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Weekly Alibi "Entrapment"

By Devin D. O'Leary

MAY 10, 1999:  The 1960s were the era of the superthief. The Thomas Crown Affair, To Catch a Thief, The Pink Panther, Danger: Diabolik. There was just something about the suave, sophisticated lawbreaker that captured the public's imagination. Now, of course, we're more interested in serial killers and drug dealers. To hell with that, I say. It's time for a return to the superthief era--cool guys in tuxedoes, hot girls in catsuits, fancy cars, exotic European locales, dangerous jewel heists. What's not to like?

This summer seems primed for a return to the superthief era, thanks to the new Sean Connery vehicle Entrapment and the soon-to-be released remake of The Thomas Crown Affair (starring another Bond boy, Pierce Brosnan). Both films share a typical superthief plot--a beautiful female insurance investigator is sent to Europe to ensnare a mysterious and impeccably dressed cat burglar. Can romance and thrills be far behind?

Entrapment has the supreme foresight to have cast Sean Connery in the mysterious cat burglar role and Catherine Zeta-Jones as the beautiful investigator. Both stars are magnetic screen personalities and comprise the film's primary entertainment value. Connery needs no introduction and sports a tailor-made role in Robert "Mac" MacDougal, a legendary Scottish sneakthief suspected of having recently boosted a $24 million Rembrandt. Dark-eyed British newcomer Zeta-Jones made a big impression in last summer's The Mask of Zorro and has recently been touted as Hollywood's "next big thing." With Entrapment she displays a commanding confidence and more than proves her leading lady worth as Virginia "Gin" Baker, an eager insurance investigator who's sure she's got the goods on our man Mac.

The breezy plot of Entrapment doesn't bother much with supporting characters or subplots. In the blink of an eye, Virginia is whisked off to Mac's castle in Scotland and coerces the reclusive robber into burgling a $40 million Chinese mask. The film's central tension-building conceit is to keep viewers guessing which side of the law Gin is really on. Is she helping Mac or just setting him up for the big fall? This allows our two main characters to engage in a wary dance of trust, mistrust and seduction around one another.

A good deal has been made lately about older male stars hooking up with younger female stars. Certainly there's a double standard at work in Hollywood, and if I see Woody Allen seduce another twenty-year-old on screen, I'm gonna toss my Milk Duds. Nonetheless, despite the forty-year gap in the ages of its two stars, it's hard to chalk up Entrapment as just another unlikely Hollywood pairing. First of all, the romance between Mac and Gin is never very overt. Mac is a loner who lives by a strict set of rules--one of which states that you never get personally involved with your business partner. Second of all, our protagonists never really trust each other, so the idea of dropping their guard (or their drawers) doesn't really seem like a good idea to either of them. Still, there is a grudging attraction between the two. Any sixtysomething who failed to be tempted by the lithe form of Catherine Zeta-Jones would be nuts. Any twentysomething who failed to be intrigued by the rugged sophistication of Sean Connery would be crazy. In the end, the chemistry between Connery and Zeta-Jones works well, as they project the same kind of on-screen charisma and seasoned sensuality.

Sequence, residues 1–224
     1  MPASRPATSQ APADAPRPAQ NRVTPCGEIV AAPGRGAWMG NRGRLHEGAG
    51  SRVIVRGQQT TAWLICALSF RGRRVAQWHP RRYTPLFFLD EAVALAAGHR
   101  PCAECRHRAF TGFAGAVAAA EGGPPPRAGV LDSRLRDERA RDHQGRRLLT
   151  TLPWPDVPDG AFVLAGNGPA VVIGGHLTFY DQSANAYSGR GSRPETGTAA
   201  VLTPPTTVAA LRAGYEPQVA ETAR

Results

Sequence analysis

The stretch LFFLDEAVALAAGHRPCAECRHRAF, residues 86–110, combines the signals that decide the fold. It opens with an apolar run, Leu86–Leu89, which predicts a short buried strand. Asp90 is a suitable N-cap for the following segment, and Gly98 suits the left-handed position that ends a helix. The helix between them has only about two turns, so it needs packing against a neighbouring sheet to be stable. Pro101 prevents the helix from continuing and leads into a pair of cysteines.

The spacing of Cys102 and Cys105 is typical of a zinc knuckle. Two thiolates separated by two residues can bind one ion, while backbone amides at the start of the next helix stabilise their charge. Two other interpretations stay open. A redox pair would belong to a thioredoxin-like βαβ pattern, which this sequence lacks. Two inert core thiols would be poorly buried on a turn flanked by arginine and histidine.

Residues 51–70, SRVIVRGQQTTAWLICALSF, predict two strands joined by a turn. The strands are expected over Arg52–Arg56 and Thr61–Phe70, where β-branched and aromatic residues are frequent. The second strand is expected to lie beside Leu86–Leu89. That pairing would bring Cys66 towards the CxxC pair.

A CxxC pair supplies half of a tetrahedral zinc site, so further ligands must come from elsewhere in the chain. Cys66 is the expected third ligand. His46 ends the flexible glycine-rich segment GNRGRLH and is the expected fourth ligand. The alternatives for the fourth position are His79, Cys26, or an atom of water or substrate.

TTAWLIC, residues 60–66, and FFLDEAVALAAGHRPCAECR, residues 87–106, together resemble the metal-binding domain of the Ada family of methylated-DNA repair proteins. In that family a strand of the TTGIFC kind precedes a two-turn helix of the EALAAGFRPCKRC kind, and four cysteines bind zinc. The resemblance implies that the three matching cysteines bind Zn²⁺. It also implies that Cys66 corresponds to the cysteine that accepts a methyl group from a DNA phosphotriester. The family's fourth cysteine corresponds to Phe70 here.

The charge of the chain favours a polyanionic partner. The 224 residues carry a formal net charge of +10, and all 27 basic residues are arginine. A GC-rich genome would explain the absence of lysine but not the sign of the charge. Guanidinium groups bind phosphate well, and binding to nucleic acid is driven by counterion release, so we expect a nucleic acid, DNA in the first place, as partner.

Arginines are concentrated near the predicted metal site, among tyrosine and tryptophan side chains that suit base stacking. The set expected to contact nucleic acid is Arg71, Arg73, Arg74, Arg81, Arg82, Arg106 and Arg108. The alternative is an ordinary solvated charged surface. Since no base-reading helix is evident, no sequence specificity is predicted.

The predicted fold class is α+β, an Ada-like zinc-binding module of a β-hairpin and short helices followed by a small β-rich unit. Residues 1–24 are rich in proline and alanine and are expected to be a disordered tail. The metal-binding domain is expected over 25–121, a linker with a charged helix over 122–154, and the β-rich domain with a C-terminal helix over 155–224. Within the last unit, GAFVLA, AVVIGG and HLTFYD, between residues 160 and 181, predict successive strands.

Early sequences of the duo gearing up for the big Chinese mask heist give the filmmakers plenty of opportunity to exploit the eye candy of their stars. Seeing Connery don a tux again conjures up the finest of Bondian memories. By the same token, seeing Zeta-Jones use her considerable gymnastic skills to slither through an obstacle course of pencil-thin laser beams in a skintight catsuit is an alluring treat for any viewer.

Later on, our two antiheroes find themselves embroiled in the requisite Really Big Caper--in this case, robbing a Malaysian bank of some $8 billion. As could rightfully be expected, there is a truckload of logic gaps in the plan. The high tech robbery must be committed on New Year's Eve 1999, ostensibly because that's when the world's largest bank will be shutting down its computer systems for 30 seconds to "test" for the millennium bug. Why the world's largest bank would wait until the last few seconds of 1999 to test for the millennium bug is never quite addressed. Nor is it explained how siphoning $8 billion out of the crumbling Asian economy is expected to go unnoticed. Entrapment isn't bothered with such petty details, and audiences probably shouldn't be either.

Concentrate, instead, on the breathless finale in Kuala Lumpur atop the world's tallest building. Marvel at the cool gadgets and last second escapes. Ogle the nice clothes, pretty locations and gorgeous stars. The summer movie season is officially here--enjoy it while you can.

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